Stelling construction near-death for cyclists2 min read

Drivers: Please pay attention, stop weaving in and out of bike lanes

Duane+Soubirous%2C+Staff+Writer

Duane Soubirous, Staff Writer

Duane Soubirous, Opinions Editor

Inconsiderate drivers, unpredictable weather and sweaty clothes are a few drawbacks to cycling that will never change. Unsafe road conditions are comparatively easy to fix, but road improvements on South Stelling Road have exposed cyclists to construction hazards that have persisted too long.

South Stelling is only getting repaved. The road had two car lanes and one bike lane in each direction before construction and it will have the same design after construction, but with smooth pavement.

For the first four weeks of this quarter, gravel and pebbles sprawled over the unfinished road. Loose gravel can cause cyclists to lose their balance and even though I had been extra cautious biking on South Stelling, I nearly fell off my bike. Falling off my bike causes scrapes and bruises, but falling in close proximity to cars can potentially cause a deadly impact.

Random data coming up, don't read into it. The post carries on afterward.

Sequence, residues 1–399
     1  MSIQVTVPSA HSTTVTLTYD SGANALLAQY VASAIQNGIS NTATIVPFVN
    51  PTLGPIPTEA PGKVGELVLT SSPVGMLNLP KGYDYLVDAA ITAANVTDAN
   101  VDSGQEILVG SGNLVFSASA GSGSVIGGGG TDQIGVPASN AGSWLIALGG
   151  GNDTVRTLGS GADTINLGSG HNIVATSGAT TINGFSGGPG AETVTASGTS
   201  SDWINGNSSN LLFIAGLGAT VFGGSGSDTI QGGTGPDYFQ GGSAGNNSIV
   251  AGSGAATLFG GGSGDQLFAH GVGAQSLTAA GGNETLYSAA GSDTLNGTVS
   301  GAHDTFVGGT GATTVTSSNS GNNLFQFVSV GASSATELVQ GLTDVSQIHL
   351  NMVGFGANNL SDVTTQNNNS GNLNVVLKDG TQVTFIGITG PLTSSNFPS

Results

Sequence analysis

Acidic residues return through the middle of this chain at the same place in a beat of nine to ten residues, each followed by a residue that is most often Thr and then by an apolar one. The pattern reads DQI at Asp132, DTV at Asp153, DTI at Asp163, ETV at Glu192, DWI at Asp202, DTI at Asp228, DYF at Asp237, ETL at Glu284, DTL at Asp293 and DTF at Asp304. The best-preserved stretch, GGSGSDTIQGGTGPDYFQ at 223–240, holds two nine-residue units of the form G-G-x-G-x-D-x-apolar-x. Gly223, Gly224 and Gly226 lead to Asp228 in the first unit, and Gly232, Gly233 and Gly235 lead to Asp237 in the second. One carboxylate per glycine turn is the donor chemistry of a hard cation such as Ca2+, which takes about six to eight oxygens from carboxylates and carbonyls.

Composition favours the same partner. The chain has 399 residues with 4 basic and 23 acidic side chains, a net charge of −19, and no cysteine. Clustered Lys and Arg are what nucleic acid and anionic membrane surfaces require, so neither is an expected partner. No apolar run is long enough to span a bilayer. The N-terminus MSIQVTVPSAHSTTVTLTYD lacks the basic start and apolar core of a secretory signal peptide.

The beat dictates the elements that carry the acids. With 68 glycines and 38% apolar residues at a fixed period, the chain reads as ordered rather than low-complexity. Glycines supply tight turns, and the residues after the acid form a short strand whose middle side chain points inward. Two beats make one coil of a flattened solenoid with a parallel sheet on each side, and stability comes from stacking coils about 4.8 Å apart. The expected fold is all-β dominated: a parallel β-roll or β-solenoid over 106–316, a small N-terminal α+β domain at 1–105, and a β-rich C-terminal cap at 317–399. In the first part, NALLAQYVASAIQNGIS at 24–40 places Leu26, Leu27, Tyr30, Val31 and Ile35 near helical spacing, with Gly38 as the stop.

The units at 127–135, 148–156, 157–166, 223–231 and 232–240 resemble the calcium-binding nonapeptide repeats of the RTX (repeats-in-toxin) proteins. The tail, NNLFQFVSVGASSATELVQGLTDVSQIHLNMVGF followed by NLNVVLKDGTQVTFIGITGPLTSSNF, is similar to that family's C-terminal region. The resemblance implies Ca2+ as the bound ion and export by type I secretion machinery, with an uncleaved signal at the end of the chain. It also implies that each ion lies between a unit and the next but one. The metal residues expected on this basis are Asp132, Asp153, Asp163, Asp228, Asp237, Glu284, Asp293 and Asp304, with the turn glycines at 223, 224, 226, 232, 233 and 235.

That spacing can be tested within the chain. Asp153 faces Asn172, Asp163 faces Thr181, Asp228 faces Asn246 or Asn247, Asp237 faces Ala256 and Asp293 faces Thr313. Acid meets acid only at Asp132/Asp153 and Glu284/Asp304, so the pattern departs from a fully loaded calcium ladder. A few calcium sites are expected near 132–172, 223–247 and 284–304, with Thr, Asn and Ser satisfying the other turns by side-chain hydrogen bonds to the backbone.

Week five of the quarter began with newly oiled streets—no more loose gravel! But lanes were still not striped. Drivers react to not having striped lanes by driving on opposite ends of the road. This maximizes space between cars, but it erases the bike lane. Cyclists have to assert themselves to avoid being stuck riding in the gutter.

During all this disruption on South Stelling, the city of Cupertino doubled the length of cyclists’ distress by starting road work on North Stelling.
The left lane on North Stelling is closed to traffic, creating a backup of cars in the right lane. Some drivers attempt to bypass the congestion by illegally crossing the solid white line into the bike lane. They usually remain stuck in congestion, just one or two cars past their starting point and now blocking the bike lane.

Not only is weaving in and out of the bike lane to get passed these cars an annoyance; it is extremely dangerous if drivers cross into the bike lane as cyclists go by. Twice this happened to me, either because the drivers didn’t bother checking for cyclists, or because they looked and I was in their blind spot. I’m lucky I was paying attention and quickly braked.

Repaving roads exposes cyclists to new hazards in order to make cycling safer. Roads have been repaved in a single weekend, and it’s unacceptable that this Stelling project is taking months.

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